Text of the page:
It turns out there is a nice classification for semisimple rings.
Theorem. Any semisimple ring R is a finite product:
where each is a division ring and is the ring of n × n matrices with entries in D. Furthermore, the list of is unique up to permutation, and isomorphism class of
We saw that a semisimple ring R is a finite direct sum of simple submodules (left ideals):
where the simple modules are pairwise non-isomorphic. Schur’s lemma says that for simple modules M and M’, is zero if M and M’ are not isomorphic, and is a division ring otherwise.
More generally, for a simple module M, we have:
where D is a division ring.
[ Note: in general, we have and by the universal properties of direct sum and product. When we have finitely many terms, the direct sum is the direct product. ]
Next we have the isomorphism , where
[ We need to take the opposite ring since ]
Piecing all these together, we have:
By the above discussion, each term is either 0 (if i ≠ j) or isomorphic to , where is a division ring. In conclusion:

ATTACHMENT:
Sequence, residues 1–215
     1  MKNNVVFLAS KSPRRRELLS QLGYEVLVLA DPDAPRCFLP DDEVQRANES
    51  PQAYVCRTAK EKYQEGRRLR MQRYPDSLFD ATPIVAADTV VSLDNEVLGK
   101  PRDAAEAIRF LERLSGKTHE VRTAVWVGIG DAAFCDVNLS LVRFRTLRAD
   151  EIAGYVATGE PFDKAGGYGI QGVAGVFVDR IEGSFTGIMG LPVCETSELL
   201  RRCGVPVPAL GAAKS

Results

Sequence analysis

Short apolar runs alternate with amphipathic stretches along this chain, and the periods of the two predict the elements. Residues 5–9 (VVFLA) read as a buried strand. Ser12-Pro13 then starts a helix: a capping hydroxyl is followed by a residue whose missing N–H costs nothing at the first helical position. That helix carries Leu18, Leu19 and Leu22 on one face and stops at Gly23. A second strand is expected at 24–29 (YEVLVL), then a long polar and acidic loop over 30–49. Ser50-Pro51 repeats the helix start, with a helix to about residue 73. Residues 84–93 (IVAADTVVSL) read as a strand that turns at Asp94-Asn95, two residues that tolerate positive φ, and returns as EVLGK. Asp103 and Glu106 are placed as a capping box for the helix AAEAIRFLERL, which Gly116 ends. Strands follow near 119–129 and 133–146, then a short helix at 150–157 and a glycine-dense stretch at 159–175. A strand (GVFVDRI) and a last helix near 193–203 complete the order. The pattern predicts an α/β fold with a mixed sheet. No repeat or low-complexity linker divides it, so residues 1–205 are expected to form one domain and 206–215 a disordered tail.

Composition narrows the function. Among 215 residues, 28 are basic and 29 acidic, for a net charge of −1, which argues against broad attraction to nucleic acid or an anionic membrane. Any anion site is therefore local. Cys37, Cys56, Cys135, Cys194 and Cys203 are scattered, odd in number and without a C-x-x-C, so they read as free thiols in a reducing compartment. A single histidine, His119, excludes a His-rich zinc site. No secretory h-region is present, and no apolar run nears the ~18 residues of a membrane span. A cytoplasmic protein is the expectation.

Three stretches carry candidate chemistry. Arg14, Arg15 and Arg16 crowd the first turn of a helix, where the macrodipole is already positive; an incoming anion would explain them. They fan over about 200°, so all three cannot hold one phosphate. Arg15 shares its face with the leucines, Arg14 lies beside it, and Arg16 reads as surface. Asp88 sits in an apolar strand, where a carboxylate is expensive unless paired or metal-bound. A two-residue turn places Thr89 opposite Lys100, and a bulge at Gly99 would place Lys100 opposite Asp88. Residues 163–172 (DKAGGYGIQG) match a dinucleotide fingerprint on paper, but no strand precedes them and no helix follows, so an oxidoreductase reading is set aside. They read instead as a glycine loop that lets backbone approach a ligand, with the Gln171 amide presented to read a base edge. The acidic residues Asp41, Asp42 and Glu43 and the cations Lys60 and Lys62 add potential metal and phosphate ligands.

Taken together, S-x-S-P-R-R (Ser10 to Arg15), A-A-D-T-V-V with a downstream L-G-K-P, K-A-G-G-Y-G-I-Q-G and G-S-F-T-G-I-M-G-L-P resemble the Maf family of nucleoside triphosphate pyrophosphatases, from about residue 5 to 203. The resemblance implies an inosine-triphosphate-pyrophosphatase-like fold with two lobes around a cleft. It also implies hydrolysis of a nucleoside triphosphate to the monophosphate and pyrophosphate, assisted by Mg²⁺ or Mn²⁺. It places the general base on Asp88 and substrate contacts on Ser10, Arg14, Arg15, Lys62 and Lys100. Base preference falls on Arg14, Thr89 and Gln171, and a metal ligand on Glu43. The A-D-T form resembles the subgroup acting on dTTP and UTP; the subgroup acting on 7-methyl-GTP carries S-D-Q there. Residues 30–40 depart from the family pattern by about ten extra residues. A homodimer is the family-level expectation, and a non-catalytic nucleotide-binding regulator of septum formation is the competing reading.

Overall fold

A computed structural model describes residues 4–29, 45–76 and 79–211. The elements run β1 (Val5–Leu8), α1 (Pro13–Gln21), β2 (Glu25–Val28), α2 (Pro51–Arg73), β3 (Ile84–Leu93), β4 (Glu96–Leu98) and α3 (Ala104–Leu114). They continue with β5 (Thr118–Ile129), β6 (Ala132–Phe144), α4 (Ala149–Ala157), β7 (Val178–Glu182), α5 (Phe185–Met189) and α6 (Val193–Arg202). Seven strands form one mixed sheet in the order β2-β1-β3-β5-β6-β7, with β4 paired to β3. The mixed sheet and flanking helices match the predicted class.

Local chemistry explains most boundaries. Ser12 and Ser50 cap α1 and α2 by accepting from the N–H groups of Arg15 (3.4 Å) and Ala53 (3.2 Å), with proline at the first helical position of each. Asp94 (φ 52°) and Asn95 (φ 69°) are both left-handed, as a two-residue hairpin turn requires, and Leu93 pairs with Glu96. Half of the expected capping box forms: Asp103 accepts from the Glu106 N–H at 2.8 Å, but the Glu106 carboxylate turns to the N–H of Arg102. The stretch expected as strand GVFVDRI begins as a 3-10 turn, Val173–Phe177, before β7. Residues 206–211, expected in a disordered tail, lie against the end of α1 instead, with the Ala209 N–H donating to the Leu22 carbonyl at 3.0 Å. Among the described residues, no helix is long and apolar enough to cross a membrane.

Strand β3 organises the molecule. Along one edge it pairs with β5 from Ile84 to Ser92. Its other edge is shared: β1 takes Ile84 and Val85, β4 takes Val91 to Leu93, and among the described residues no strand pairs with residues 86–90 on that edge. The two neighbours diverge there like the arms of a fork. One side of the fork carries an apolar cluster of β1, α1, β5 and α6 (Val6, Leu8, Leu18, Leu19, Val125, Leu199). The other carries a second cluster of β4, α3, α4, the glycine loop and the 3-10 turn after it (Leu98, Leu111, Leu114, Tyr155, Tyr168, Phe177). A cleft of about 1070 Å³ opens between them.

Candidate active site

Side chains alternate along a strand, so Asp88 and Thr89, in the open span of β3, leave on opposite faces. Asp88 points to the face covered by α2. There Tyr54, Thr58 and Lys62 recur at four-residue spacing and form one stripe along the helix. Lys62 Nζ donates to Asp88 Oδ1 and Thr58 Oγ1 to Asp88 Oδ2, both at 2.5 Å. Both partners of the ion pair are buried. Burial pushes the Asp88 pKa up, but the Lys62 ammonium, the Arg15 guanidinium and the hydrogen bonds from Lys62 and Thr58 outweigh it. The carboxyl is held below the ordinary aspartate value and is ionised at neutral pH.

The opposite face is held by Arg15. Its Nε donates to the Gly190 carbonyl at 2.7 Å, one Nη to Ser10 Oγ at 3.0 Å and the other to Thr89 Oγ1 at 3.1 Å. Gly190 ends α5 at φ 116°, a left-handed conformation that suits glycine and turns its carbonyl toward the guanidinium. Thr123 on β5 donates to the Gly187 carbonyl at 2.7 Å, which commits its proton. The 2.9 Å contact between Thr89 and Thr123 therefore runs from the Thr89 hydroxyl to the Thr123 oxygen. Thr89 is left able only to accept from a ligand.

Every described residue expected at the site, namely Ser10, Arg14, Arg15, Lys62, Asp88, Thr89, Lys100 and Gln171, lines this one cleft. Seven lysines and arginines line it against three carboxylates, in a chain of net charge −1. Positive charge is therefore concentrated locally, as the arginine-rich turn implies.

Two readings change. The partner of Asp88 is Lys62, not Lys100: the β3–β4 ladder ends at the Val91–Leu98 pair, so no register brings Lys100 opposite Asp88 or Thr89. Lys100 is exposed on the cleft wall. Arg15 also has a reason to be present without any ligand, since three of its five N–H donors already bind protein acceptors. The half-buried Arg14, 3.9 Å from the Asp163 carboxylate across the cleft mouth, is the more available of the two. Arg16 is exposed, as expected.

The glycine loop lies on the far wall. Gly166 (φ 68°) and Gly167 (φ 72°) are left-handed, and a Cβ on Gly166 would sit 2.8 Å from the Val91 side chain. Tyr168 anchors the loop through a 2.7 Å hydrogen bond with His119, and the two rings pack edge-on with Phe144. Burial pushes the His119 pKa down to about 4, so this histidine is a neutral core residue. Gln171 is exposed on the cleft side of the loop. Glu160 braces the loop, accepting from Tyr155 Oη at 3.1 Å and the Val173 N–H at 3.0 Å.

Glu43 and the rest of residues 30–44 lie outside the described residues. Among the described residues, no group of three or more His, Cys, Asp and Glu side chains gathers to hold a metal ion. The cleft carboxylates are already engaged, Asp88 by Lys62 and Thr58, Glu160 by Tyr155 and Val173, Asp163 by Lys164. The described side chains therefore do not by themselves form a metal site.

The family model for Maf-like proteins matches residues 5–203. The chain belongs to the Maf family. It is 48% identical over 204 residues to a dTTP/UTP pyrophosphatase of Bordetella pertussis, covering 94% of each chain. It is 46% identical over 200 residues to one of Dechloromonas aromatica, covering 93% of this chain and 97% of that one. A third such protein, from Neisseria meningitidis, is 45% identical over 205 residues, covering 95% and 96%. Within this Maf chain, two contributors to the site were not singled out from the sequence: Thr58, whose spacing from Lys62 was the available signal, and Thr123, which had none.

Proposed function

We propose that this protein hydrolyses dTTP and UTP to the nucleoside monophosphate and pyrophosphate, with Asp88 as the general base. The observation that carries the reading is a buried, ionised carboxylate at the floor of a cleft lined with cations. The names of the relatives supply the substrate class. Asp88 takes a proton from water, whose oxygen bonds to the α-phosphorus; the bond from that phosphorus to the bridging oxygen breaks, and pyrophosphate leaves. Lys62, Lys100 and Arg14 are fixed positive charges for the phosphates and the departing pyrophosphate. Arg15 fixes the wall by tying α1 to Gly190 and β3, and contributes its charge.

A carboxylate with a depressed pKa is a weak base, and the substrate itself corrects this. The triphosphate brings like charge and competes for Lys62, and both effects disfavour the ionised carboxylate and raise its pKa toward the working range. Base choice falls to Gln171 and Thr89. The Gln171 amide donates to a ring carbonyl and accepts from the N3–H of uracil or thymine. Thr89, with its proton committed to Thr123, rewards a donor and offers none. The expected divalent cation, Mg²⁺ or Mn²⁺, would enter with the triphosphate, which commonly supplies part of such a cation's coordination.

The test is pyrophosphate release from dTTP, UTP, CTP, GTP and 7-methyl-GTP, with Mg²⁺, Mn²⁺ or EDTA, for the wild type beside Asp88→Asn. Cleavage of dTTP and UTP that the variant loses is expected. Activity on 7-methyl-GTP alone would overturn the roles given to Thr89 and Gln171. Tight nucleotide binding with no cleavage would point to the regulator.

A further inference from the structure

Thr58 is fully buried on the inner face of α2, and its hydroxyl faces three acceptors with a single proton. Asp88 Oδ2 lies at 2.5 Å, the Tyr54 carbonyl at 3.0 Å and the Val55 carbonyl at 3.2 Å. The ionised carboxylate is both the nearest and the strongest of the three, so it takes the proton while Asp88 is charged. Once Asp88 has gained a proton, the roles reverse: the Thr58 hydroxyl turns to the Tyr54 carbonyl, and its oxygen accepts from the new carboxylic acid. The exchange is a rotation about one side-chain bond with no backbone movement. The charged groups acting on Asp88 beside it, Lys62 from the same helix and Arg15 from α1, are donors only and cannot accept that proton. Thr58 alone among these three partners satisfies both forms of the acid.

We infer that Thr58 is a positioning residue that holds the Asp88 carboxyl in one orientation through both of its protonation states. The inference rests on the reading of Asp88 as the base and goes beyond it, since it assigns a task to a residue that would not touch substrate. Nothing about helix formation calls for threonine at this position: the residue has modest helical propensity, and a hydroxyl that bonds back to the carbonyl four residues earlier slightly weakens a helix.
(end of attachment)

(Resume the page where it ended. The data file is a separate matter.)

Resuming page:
for division rings
[ We leave it to the reader to prove that matrix product in corresponds to composition of endomorphisms . ]
To show that the set of is unique up to isomorphism, note:
Proposition. The ring , for division ring D, has a unique simple module up to isomorphism, namely .
Indeed, R is a direct sum of column vectors. E.g. for n = 2, we have:
It is easy to see that the space of column vectors is simple as an R-module. On the other hand, since every simple R-module occurs as a simple left ideal of R, is the only possible simple R-module. ♦
Hence, for a ring , there are exactly k simple modules up to isomorphism, each simple module occurs times and its endomorphism ring is isomorphic to . This shows that we can recover from the ring R itself, so it must be unique.
The theorem also shows:
Corollary. R is semisimple iff its opposite ring is. Another of saying this is: R is “left semisimple” iff it is “right semisimple”.
Coming up next, the most interesting example of semisimple rings: group rings.